Oil futures settled lower on Friday as investors worried that recent gains in prices, which finished the week more than 3% higher, may encourage crude producers to ramp up output.
Prices, however, pared down some of their earlier losses after data on the number of active U.S. rigs drilling for oil showed a decline for an eight straight week.
June West Texas Intermediate crude CLM6, -0.71% fell 49 cents, or 1.1%, to settle at $46.21 a barrel on the New York Mercantile Exchange. Prices were trading around $46.06 shortly before the rig count figures. For the week, they finished roughly 3.5% higher. WTI oil posted a decline last week, but saw gains in each of the four weeks before that.
July Brent crude LCON6, -0.48% on London’s ICE Futures exchange fell 25 cents, or 0.5%, to $47.83 a barrel. It traded around 5.3% higher on the week.
Oil hit fresh six-month highs on Thursday after a report from the Paris-based International Energy Agency said global crude inventories will experience a “dramatic reduction” in the second half of the year on the back of strong demand falling supplies.
Oil prices have gained with global supply “finally slowing down,” said Naeem Aslam, chief market analyst at ThinkForex.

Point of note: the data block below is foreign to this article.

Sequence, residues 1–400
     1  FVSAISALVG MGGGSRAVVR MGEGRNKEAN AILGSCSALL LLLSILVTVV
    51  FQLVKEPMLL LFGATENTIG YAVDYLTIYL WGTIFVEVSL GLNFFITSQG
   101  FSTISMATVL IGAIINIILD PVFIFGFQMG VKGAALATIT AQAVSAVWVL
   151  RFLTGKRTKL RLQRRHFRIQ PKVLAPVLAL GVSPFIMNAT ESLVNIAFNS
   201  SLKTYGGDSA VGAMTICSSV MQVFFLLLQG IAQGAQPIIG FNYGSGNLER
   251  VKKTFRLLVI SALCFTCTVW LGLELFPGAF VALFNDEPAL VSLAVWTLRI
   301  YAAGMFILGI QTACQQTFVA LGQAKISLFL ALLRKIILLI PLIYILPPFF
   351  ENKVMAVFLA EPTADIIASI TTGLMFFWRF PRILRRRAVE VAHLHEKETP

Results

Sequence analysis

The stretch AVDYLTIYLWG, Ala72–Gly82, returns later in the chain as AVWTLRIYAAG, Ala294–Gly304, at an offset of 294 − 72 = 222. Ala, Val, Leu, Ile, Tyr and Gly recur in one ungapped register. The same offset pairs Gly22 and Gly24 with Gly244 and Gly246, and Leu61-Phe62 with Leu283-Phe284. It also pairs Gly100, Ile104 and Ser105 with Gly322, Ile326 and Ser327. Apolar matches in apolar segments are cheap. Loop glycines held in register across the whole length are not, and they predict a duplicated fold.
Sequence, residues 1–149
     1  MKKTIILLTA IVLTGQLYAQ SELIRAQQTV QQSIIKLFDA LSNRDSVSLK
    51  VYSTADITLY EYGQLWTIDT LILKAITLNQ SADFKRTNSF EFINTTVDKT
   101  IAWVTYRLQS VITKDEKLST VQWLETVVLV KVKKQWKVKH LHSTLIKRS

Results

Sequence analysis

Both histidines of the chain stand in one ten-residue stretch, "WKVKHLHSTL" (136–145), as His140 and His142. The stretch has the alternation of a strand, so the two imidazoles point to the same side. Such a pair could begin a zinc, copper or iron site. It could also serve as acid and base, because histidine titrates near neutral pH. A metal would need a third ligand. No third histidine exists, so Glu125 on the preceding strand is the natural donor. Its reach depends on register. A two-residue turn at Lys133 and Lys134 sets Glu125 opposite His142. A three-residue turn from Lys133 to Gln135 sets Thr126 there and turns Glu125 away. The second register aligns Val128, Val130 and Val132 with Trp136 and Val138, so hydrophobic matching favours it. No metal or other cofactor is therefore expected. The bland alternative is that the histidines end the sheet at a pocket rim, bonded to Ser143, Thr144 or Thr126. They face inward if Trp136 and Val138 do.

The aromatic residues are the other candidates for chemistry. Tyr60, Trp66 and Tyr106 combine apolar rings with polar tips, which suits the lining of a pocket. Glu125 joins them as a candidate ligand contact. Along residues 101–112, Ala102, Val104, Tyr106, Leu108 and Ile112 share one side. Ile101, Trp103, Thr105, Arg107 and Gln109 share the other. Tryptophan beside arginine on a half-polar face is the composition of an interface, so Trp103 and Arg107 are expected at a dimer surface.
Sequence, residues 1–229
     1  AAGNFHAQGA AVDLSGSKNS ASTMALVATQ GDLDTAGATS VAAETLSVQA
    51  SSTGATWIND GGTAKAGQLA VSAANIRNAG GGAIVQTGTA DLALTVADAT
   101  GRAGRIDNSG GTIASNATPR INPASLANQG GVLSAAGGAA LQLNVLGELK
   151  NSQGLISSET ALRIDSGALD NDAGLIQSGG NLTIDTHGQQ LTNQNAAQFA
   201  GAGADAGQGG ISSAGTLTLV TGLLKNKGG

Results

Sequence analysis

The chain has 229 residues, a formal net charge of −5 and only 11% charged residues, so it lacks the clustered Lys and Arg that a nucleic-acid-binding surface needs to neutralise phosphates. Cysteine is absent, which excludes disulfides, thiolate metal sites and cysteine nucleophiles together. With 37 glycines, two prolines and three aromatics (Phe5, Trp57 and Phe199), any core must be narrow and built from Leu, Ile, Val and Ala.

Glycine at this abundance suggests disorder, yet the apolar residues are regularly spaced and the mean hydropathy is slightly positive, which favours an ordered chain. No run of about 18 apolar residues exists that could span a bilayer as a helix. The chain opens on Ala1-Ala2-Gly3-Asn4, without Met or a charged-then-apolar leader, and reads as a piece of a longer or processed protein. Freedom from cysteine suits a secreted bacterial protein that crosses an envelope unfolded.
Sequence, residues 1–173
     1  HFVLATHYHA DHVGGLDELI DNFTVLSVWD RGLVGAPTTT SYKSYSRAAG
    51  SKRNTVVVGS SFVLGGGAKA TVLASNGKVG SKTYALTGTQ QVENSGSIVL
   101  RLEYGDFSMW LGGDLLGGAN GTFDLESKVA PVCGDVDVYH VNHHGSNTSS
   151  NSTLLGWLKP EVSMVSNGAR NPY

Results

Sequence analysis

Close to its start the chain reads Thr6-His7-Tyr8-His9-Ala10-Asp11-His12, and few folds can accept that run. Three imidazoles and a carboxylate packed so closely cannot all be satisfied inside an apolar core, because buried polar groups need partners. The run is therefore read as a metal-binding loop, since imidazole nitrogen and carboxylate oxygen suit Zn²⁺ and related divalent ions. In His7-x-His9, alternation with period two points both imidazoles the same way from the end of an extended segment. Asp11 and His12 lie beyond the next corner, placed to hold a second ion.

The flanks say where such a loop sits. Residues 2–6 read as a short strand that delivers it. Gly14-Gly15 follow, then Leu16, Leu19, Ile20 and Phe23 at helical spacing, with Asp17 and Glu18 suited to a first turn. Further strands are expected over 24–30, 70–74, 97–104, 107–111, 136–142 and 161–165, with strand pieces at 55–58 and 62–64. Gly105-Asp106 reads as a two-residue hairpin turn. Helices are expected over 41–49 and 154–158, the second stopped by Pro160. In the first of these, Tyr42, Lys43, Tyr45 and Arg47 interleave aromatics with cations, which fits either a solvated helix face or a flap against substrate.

The Organization of the Petroleum Exporting Countries said Friday in a report that shrinking U.S. output and massive cuts to investment in new oil projects will reduce the global oil glut over the course of this year.
U.S. shale oil production has already “flattened,” said Aslam. Government data released in mid-April showed expectations for a fall of 114,000 barrels a day in May oil production to 4.836 million barrels a day. The next update is due Monday.
On Friday, weekly data from Baker Hughes BHI, -1.85% revealed a decline of 10 in the number of U.S. rigs actively drilling for crude, which now stand at 318. That was the eighth week in a row of declines.
A retreat in shale-oil output and the drilling rig count have helped fuel recent price gains.
But “it is important to keep in mind that there is still no cease-fire when it comes to oil production between OPEC members,” Aslam said. OPEC output rose by 330,000 barrels a day in April to 32.76 million barrels a day—the highest level since 2008—amid a climb in output from Iran, according to the IEA.